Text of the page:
I hope your Sabbath School class can be a time of constructive exploration and consideration this Sabbath in regard to the topic of unity...

  4. This study has by far evoked a lot of spiritual disability in my life it has reminded me about the Love of God that we sometimes shun away from, it also reminded me that even though we might run away from God's love God always has a plan to draw us nearer to him for our salvation's sake.

    I want to conclude by "God's Love Outweighs our sinful nature, always"
    May we continue praying for unity and Oneness, so God's original plan can be puzzled together.

  5. I’m not sure I agree with Disussion Question #2 that ethnic and linguistic diversity were not a part of God’s original plan, and that the Tower of Babel story bears that out.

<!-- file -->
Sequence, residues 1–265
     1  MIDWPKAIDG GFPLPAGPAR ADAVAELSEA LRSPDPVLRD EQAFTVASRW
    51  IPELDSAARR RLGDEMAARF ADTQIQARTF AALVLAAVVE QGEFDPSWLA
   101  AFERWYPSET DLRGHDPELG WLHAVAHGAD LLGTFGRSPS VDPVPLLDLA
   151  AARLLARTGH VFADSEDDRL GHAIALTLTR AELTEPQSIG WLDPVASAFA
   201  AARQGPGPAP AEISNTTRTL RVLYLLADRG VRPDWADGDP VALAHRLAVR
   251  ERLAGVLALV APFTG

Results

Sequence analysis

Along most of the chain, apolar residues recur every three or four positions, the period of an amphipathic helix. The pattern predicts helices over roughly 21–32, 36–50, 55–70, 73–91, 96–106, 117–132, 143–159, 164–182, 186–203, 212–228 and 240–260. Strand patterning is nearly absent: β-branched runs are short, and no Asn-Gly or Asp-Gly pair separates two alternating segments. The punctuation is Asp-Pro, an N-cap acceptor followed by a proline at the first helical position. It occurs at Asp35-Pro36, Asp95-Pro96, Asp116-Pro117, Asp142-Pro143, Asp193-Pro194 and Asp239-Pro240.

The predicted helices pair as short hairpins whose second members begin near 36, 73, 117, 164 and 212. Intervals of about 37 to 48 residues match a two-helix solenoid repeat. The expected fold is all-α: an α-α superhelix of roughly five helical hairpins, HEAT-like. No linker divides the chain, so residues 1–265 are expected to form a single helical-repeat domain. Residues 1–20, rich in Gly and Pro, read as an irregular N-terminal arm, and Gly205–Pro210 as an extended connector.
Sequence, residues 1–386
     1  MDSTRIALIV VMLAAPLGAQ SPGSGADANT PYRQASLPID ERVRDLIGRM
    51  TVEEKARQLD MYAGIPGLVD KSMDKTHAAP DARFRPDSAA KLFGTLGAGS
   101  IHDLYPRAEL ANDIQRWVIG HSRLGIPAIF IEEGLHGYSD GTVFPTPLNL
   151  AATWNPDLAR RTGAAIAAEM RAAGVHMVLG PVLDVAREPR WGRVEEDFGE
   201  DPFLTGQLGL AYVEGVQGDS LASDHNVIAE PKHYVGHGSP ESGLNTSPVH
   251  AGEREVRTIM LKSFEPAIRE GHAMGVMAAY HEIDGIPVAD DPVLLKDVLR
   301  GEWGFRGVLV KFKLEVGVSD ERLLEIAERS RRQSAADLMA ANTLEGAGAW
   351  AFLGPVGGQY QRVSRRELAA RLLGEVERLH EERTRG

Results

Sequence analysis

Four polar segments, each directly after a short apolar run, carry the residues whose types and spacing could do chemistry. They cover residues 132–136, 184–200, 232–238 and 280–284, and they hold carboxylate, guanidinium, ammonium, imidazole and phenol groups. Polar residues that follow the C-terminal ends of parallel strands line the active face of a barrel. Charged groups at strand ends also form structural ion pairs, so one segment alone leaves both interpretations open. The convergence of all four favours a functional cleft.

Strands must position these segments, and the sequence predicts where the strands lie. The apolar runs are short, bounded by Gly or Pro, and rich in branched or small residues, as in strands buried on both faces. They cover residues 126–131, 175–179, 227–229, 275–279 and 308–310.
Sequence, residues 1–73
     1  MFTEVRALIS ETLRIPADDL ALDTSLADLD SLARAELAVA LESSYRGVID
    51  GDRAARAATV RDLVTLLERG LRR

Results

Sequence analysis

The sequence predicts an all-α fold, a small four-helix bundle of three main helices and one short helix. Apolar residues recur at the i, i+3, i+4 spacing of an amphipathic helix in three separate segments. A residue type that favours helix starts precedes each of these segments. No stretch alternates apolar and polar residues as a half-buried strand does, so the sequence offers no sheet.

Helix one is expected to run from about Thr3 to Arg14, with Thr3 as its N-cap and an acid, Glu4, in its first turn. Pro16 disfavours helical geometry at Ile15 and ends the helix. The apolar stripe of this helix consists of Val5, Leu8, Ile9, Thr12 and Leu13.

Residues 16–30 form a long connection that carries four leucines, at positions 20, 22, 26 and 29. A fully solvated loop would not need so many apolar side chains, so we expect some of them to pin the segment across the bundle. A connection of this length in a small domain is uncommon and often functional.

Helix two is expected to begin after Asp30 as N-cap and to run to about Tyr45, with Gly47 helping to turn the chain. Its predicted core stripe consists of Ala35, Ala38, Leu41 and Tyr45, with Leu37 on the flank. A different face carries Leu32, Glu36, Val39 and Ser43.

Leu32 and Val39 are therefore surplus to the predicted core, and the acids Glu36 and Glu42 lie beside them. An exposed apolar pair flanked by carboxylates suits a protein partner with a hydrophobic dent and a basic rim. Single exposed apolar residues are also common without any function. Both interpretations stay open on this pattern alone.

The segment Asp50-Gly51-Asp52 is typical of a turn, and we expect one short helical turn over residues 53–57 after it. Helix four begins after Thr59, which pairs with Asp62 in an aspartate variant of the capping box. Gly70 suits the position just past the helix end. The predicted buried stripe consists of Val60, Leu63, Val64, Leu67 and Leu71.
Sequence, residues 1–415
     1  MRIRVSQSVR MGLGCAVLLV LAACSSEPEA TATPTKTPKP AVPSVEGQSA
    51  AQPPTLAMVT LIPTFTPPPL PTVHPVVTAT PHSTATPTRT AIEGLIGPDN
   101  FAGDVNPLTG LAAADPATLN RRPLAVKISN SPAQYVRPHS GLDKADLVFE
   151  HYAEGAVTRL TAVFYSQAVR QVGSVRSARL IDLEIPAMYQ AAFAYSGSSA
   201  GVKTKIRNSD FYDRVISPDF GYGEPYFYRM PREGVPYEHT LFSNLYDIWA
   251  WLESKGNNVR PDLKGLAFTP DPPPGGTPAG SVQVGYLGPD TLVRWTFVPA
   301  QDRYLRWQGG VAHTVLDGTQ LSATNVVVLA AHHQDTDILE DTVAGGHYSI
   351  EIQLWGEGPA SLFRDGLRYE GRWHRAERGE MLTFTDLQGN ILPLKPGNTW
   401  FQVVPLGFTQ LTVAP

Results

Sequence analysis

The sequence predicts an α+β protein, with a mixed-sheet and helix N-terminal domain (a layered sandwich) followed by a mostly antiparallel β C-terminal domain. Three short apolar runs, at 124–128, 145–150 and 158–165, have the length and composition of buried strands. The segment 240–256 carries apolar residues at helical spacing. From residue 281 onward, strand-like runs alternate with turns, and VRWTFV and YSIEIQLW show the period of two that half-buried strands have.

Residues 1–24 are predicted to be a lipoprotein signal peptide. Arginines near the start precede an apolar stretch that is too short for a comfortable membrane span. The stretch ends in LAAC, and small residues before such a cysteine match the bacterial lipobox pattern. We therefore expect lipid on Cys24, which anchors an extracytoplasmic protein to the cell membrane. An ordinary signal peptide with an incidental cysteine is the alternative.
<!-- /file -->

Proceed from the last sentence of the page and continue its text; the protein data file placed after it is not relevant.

6. 1. In creating man, God made them in “our” image. God is “one”(echad), a united, equal and alike set of individuals, and thus was the intent for man as a couple united to God. There are many possible relations among humans (husband and wife, parents and children, neighbor and neighbor, employer and employee, etc) which can be benefited through being in agreement with all others by an equal regard toward all others as with one's self. With a supreme regard/preference toward God as the foundation of all other relations, such a society would prosper and enjoy perennial peace, being free of all contentions that self-exaltation always brings.